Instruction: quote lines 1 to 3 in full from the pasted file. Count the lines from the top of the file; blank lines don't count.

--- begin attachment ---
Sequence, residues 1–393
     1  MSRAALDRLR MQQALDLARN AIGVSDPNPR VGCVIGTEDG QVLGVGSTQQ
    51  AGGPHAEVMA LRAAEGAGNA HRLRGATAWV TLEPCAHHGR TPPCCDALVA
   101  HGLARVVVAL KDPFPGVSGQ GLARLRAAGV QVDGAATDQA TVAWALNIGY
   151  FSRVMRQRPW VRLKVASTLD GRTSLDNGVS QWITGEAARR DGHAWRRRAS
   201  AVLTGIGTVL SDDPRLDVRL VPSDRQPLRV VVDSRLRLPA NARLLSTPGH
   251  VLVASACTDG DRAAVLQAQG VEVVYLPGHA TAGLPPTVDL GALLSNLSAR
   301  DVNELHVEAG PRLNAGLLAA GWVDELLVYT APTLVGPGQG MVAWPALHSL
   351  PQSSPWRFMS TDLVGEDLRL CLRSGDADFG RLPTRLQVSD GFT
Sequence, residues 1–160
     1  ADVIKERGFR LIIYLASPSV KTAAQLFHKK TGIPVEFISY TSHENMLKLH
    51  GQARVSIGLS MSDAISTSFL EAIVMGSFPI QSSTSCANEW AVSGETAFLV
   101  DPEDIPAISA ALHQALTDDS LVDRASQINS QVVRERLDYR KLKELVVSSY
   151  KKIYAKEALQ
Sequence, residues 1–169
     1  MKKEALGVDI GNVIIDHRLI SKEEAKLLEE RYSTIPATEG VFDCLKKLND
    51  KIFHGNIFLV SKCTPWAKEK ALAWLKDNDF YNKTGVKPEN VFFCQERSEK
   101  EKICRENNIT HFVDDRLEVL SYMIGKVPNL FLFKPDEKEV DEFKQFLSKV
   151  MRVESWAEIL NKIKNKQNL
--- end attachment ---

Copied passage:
Sequence, residues 1–393
     1  MSRAALDRLR MQQALDLARN AIGVSDPNPR VGCVIGTEDG QVLGVGSTQQ
    51  AGGPHAEVMA LRAAEGAGNA HRLRGATAWV TLEPCAHHGR TPPCCDALVA